During the visit of Pastor Bosun Emmanuel to Ile-Ife for the Campus Endtime Conference, he narrated at a private discussion with key leaders, the serious efforts being made by the present Islamic government in Nigeria to control the leadership of the Christian Association of Nigeria. Part of the intricate story was that the late Secretary, Dr Musa Asake was intensely lobbied to resign from the office to pave way for the government’s candidate to become the President when that top office became vacant. Both Asake and that candidate are from the same bloc of CAN and therefore could not both hold the two strategic offices. Rev. Asake stoically refused all the juicy offers, and elected to remain in faithful service to the Church, as long as the people wanted him in office. There is no doubt that his eventual demise, less than a fortnight after he had resisted efforts to frustrate a CAN-approved open demonstration to draw attention to ongoing genocide against Christians, which he eventually led, was strongly connected with the struggles to keep the leadership of the CAN truly committed to the Church.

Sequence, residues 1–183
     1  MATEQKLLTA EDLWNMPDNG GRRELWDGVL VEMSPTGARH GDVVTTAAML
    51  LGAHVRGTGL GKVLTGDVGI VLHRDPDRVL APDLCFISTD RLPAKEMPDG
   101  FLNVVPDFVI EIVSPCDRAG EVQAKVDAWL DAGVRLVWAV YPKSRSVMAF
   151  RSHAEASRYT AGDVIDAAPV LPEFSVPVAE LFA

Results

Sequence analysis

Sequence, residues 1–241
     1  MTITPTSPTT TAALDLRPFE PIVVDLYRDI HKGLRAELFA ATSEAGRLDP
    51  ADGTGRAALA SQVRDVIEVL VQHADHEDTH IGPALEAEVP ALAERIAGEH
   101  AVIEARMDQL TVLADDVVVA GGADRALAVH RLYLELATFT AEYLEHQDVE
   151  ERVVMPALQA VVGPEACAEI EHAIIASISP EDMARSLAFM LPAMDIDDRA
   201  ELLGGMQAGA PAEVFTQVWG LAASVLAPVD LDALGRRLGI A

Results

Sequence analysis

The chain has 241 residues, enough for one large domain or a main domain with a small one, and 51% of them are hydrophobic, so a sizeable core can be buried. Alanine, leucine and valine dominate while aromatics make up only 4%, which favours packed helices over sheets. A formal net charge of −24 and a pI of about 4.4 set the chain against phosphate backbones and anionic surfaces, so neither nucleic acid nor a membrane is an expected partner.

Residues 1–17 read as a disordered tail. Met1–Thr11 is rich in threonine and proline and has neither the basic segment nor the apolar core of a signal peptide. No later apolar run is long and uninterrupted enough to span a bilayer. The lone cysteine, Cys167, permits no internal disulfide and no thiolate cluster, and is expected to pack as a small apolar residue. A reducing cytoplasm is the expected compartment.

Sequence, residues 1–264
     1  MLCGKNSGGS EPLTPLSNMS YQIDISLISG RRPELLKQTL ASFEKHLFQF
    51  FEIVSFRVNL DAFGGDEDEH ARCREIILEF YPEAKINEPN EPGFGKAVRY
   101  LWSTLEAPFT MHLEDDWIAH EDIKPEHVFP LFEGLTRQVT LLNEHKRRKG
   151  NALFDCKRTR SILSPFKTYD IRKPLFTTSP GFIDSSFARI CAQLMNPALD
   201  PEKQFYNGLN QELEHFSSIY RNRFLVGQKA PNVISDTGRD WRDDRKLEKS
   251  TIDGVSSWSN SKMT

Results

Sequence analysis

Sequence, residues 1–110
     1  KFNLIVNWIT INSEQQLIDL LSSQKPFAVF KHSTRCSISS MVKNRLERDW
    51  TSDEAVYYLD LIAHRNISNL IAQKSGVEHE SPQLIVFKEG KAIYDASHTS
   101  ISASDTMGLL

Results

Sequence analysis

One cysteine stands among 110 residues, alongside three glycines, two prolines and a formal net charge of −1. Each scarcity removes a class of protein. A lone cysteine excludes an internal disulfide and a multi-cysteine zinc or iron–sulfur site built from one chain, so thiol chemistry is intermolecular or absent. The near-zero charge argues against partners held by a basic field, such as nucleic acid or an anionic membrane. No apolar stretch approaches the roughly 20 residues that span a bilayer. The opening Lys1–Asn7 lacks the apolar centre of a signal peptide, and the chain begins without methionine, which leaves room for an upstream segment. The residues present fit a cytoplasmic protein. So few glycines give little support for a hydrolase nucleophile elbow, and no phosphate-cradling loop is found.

Days before he died, Rev Asake shared with his close confidantes, including Pastor Bosun, that the pains and pressure in his heart, arising from his burden for the Church, were becoming unbearable and he would wish to return to the Lord to rest. At his demise, it took the grace of God to convince the family to rescind its decision rejecting any formal involvement of the CAN at the burial!
Church Arise! believes that current imbroglio within the leadership of the CAN at the national level is the manifestation of implanted seeds of discord and satanic buffeting of the leaders, by interests who cannot afford to see a strong united Christian body in the nation. The challenges facing the CAN are peculiar and enormous; and her composition is diverse and complicated. Rather than condemnation, the current leaders need our prayers and support for them to see through the strategies of the enemies, and close ranks for the sake of Christ in Nigeria.
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